BACH FESTIVAL WEEK OPENS WITH INSPIRED CONCERTO PROGRAM￼
A review by Kelly Dean Hansen, Ph.D
For much of its history, including the first years under music director Zachary Carrettin, the Boulder Bach Festival was a compressed event, with three or four concerts packed into a single week. Carrettin, now in his ninth year with the BBF, expanded the festival’s calendar to make it a full season event, with programs spread across the typical fall-spring concert season.
With the fitful return of live music emerging from the dark days of the COVID-19 pandemic, Carrettin once again placed the bulk of the festival’s 2021-22 offering within a compressed “festival week,” with four concerts to be played at Downtown Boulder’s First Congregational Church on four consecutive days over an expanded mid-May weekend.
With many COVID restrictions lifted, the opening “festival week” concert on Thursday, May 12 felt like a return to 2019, at least to some extent. The church was consciously not sold out to capacity, but the audience was reasonably large, and the choice of patrons to wear a mask or not seemed to be universally respected. But more than anything, it was the refreshingly “normal” program of five baroque concertos written between 1700 and 1730, two by Johann Sebastian Bach, that contributed to a sense of familiarity and comfort.
One of Carrettin’s most impactful contributions as music director has been the establishment of the COmpass REsonance Ensemble (stylized as CORE) as a binding force for the festival. While several individual artists were featured on Thursday’s program, and will be for the remaining three concerts, CORE was the focus of this first event, titled “Contemporaneous Concertos.”
Visually and aurally, the placement of the CORE musicians helped to highlight the differences between the concertos featuring a single soloist and the “concerto grosso” type with a small ensemble of two or three soloists. Especially interesting was the deployment of the non-solo players, the so-called “ripieno” group in baroque terminology. A baroque concerto performance is successful if the “ripieno” does not draw too much attention to itself. Remaining in the background is not as straightforward as it seems. The ensemble provided the necessary tapestry, coming through forcefully when the music demanded, but always with a keen sense of how to play at that “background” level when the soloist or soloists need to soar above the texture.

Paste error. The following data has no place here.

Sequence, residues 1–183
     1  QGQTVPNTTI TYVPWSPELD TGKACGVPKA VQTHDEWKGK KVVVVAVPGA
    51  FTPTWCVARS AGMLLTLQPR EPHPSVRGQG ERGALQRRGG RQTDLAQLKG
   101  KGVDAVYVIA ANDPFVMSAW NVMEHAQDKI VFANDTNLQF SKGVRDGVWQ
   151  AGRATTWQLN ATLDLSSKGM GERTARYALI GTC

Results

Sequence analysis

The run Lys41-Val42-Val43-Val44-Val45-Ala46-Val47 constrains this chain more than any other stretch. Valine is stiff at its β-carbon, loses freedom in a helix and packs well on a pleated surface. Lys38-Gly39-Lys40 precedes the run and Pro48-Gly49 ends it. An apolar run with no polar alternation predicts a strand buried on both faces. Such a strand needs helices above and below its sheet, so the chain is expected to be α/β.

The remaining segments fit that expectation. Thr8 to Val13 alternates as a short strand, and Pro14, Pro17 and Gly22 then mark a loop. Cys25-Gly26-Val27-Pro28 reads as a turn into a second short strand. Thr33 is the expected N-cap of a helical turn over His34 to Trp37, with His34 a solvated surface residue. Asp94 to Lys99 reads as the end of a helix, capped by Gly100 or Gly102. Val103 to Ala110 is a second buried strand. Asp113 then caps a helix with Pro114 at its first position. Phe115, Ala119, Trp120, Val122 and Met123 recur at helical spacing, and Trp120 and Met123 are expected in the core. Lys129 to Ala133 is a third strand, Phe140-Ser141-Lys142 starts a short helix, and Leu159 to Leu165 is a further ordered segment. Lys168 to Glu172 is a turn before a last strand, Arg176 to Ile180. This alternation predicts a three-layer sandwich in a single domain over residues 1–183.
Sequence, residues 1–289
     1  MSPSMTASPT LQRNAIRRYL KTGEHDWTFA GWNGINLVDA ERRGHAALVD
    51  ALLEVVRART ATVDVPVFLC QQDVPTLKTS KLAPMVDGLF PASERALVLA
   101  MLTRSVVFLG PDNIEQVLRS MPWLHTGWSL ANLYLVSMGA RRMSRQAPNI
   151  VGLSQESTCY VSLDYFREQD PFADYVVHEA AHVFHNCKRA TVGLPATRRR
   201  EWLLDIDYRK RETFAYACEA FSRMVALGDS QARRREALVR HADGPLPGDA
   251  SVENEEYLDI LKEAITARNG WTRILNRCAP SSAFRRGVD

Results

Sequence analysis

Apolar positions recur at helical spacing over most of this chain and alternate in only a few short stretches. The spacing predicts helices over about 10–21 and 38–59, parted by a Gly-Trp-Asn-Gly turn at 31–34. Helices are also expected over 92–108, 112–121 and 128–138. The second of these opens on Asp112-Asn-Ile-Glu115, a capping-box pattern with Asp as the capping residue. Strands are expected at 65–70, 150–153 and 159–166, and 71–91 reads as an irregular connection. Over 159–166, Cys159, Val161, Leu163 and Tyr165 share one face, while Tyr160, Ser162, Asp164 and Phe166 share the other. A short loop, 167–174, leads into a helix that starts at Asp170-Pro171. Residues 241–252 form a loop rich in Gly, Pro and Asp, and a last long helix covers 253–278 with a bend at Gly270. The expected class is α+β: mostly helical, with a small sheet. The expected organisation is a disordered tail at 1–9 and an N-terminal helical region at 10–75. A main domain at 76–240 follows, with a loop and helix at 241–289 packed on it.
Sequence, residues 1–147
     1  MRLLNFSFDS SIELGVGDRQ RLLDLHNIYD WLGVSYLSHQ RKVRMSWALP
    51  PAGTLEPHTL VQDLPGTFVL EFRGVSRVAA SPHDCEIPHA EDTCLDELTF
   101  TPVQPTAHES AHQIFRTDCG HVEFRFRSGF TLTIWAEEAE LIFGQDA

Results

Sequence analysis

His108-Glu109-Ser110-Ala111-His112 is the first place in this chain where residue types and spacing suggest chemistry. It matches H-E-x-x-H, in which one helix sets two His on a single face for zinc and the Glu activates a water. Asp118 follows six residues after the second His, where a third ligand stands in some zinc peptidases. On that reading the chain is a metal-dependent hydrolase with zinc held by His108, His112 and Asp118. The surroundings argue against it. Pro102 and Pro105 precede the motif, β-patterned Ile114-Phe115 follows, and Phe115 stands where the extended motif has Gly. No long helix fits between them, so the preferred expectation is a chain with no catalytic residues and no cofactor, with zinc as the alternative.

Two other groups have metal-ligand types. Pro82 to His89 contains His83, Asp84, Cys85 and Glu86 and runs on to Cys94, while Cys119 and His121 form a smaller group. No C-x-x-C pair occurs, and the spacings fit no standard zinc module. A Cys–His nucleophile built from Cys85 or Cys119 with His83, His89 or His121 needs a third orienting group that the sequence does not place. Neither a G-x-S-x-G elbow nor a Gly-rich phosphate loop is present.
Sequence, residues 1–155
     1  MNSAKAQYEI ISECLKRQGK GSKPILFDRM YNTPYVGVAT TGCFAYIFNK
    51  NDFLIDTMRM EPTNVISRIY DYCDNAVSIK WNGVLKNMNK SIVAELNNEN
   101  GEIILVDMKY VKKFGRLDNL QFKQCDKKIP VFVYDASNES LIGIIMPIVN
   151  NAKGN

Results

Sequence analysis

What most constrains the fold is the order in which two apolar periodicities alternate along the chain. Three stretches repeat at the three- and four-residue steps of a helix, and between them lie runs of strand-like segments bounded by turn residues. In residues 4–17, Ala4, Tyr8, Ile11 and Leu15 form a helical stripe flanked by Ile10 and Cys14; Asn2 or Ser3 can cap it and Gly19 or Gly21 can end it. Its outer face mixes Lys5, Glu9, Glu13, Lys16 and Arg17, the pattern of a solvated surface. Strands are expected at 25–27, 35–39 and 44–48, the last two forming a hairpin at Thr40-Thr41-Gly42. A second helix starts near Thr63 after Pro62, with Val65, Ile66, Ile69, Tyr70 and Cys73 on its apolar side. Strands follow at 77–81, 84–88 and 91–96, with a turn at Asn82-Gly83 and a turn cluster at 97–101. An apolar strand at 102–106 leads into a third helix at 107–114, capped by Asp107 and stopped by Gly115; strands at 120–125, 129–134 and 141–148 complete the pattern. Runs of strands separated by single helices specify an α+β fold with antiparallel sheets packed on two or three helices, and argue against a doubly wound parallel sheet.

The concert’s opening work was Bach’s familiar D-minor harpsichord concerto, a piece often successfully appropriated by pianists and larger chamber orchestras. With the harpsichord’s limited sonic power in the large space of the FCC sanctuary, the decision to have the accompanying string instruments distributed at one player per part was brilliant. This allowed soloist Mina Gajić (Carrettin’s longtime partner and the festival’s Artistic and Executive Director) to project the busy and demanding solo part. Gajić was a stunning presence throughout the long concerto, playing with obvious passion and technical precision.
The two concerti grossi by that followed, by Georg Friedrich Handel (F major, Op. 6, No. 2) and Arcangelo Corelli (D major, Op. 6, No. 1), highlighted the contrast in ensemble size. The solo group of two violins and cello was now offset by the full CORE group with a larger contingent of “ripieno” players. This is where the discipline of that supporting group became most apparent. The solo group, Carrettin and Yu-Eun Kim on violins and Coleman Itzkoff on cello, were never overpowered by the other musicians. While the concertos are similarly structured, and the influence of the older Corelli on Handel is apparent, Corelli’s more fluid distribution of tempo markings and less discrete breaks between movements was a contrast to Handel’s more “standard” late baroque plan.
Both Kim and Itzkoff are winners of the Boulder International Chamber Music Competition (founded by Gajić) in 2018 and 2016 respectively. Together with Carrettin, they provided a tight-knit solo unit whose cohesion and unity was impeccable.
After intermission, renowned flutist Ysmael Reyes, familiar to Boulder audiences since his days as a graduate student at the University of Colorado, took the solo part in a recently rediscovered Concerto in G major by the baroque period’s most prolific composer, George Philipp Telemann, in what was almost certainly the Colorado premiere of the work. Its first movement was likely the source of a familiar melody from Bach’s F-minor harpsichord concerto. Again, the “ripieno” was a single player per part. Reyes was astounding in every way, playing the solo part from memory with a rich and full tone. The concerto itself is short, distinctive, and satisfying, belying the “homogenous” reputation of Telemann’s vast output.
The concert concluded with Bach’s beloved Concerto for Two Violins in D minor, a piece that straddles the line between solo concerto and “concerto grosso.” Carrettin and Kim were again wonderful in the solo parts, and the full CORE ensemble was again on stage. A particularly felicitous touch was reducing the ensemble for the intimate and deeply profound slow middle movement.